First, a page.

When you see a doctor or other health care provider, you may owe certain out-of-pocket costs, such as a copayment, coinsurance or a deductible. You may have other costs or have to pay the entire bill if you see a provider or visit a health care facility that isn’t in your health plan’s network. 

Out of network describes providers and facilities that haven’t signed a contract with your health plan. Out-of-network providers may be permitted to bill you for the difference between what your plan agreed to pay and the full amount charged for a service. This is called balance billing. This amount is likely more than in-network costs for the same service and might not count toward your annual out-of-pocket limit. 

Surprise billing is an unexpected balance bill. This can happen when you can’t control who is involved in your care – like when you have an emergency or when you schedule a visit at an in-network facility but are unexpectedly treated by an out-of-network provider. 

Your protections from balance billing 

Emergency services 

If you have an emergency medical condition and get emergency services from an out-of-network provider or facility, the most the provider or facility may bill you is your plan’s in-network cost-sharing amount (such as copayments and coinsurance). You can’t be balance billed for these emergency services. This includes services you may get after you’re in stable condition, unless you give written consent and give up your protections not to be balanced billed for these post-stabilization services.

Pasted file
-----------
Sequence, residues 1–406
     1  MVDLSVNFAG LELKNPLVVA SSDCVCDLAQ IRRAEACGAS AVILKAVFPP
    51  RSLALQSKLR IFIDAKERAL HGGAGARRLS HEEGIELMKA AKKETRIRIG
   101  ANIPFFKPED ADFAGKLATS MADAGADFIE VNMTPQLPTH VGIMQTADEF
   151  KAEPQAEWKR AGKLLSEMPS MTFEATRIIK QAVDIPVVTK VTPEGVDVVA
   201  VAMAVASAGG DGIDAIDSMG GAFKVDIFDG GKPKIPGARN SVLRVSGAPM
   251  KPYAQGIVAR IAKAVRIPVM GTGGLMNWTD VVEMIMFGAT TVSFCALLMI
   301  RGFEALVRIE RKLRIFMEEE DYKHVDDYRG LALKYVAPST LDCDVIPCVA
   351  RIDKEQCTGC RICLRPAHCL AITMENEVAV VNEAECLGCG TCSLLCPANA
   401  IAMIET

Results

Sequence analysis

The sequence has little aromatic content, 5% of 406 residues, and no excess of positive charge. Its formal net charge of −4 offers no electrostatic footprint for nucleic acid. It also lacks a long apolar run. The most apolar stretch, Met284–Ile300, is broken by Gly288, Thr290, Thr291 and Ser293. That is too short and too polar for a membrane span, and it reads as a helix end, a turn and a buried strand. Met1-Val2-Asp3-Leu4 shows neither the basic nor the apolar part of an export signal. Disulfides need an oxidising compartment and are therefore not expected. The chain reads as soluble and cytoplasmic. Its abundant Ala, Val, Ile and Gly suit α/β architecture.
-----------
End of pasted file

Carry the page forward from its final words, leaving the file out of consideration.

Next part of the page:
Certain services at an in-network hospital or ambulatory service center 

When you get services from an in-network hospital or ambulatory surgical center, certain providers there may be out of network. In these cases, the most those providers may bill you is your plan’s in-network cost-sharing amount. This applies to emergency medicine, anesthesia, pathology, radiology, laboratory, neonatology, assistant surgeon, hospitalist or intensivist services. These providers can’t balance bill you and may not ask you to give up your protections not to be balance billed. 

If you get other services at these in-network facilities, out-of-network providers can’t balance bill you, unless you give written consent and give up your protections. 

You’re never required to give up your protections from balance billing. You also aren’t required to get care out of network. You can choose a provider or facility in your plan’s network.